The European Space Agency’s Huygens probe was successfully released by NASA’s Cassini orbiter early this morning and is now on a controlled collision course toward Saturn’s largest and most mysterious moon, Titan, where on 14 January it will make a descent through one of the most intriguing atmospheres in the solar system to an unknown surface.
The separation occurred at 02:00 UTC (03:00 CET): A few minutes after separation, Cassini turned back to Earth and relayed back information about the separation. This signal then took 1 hour and 8 minutes to cross the 1.2 billion kilometres separating the Cassini spacecraft and Earth.
“Today’s release is another successful milestone in the Cassini/Huygens odyssey”, said Dr David Southwood, ESA’s Director of Science Programmes. “This was an amicable separation after seven years of living together. Our thanks to our partners at NASA for the lift. Each spacecraft will now continue on its own but we expect they’ll keep in touch to complete this amazing mission. Now all our hopes and expectations are focused on getting the first in-situ data from a new world we’ve been dreaming of exploring for decades”.
Franco Bonacina | EurekAlert!
Midwife and signpost for photons
11.12.2017 | Julius-Maximilians-Universität Würzburg
New research identifies how 3-D printed metals can be both strong and ductile
11.12.2017 | University of Birmingham
Tiny pores at a cell's entryway act as miniature bouncers, letting in some electrically charged atoms--ions--but blocking others. Operating as exquisitely sensitive filters, these "ion channels" play a critical role in biological functions such as muscle contraction and the firing of brain cells.
To rapidly transport the right ions through the cell membrane, the tiny channels rely on a complex interplay between the ions and surrounding molecules,...
The miniaturization of the current technology of storage media is hindered by fundamental limits of quantum mechanics. A new approach consists in using so-called spin-crossover molecules as the smallest possible storage unit. Similar to normal hard drives, these special molecules can save information via their magnetic state. A research team from Kiel University has now managed to successfully place a new class of spin-crossover molecules onto a surface and to improve the molecule’s storage capacity. The storage density of conventional hard drives could therefore theoretically be increased by more than one hundred fold. The study has been published in the scientific journal Nano Letters.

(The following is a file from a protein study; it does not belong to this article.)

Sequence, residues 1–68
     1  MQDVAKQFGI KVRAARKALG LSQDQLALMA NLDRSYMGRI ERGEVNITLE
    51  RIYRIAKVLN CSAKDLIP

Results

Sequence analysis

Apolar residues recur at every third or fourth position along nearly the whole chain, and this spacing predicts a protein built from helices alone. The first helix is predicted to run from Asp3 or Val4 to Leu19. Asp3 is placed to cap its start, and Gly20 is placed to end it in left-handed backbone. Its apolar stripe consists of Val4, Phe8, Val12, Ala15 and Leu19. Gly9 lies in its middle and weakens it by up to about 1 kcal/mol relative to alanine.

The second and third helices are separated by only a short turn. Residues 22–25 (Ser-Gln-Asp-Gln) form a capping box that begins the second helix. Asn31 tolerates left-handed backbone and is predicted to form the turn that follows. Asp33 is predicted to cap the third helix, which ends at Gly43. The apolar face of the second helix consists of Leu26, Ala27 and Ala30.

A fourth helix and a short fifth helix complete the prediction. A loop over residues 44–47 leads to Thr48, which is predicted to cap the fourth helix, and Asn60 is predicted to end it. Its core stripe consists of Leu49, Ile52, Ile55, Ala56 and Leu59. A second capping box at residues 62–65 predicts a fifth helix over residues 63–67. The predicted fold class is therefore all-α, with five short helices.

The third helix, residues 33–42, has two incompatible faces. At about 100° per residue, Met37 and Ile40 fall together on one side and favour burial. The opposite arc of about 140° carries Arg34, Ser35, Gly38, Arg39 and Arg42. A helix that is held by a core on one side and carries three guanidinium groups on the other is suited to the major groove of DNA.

Over the past few years, the building blocks of storage media have gotten ever smaller. But further miniaturization of the current technology is hindered by...
With innovative experiments, researchers at the Helmholtz-Zentrums Geesthacht and the Technical University Hamburg unravel why tiny metallic structures are extremely strong
Light-weight and simultaneously strong – porous metallic nanomaterials promise interesting applications as, for instance, for future aeroplanes with enhanced...
An interdisciplinary group of researchers interfaced individual bacteria with a computer to build a hybrid bio-digital circuit - Study published in Nature Communications
Scientists at the Institute of Science and Technology Austria (IST Austria) have managed to control the behavior of individual bacteria by connecting them to a...
Physicists in the Laboratory for Attosecond Physics (run jointly by LMU Munich and the Max Planck Institute for Quantum Optics) have developed an attosecond electron microscope that allows them to visualize the dispersion of light in time and space, and observe the motions of electrons in atoms.
The most basic of all physical interactions in nature is that between light and matter. This interaction takes place in attosecond times (i.e. billionths of a...
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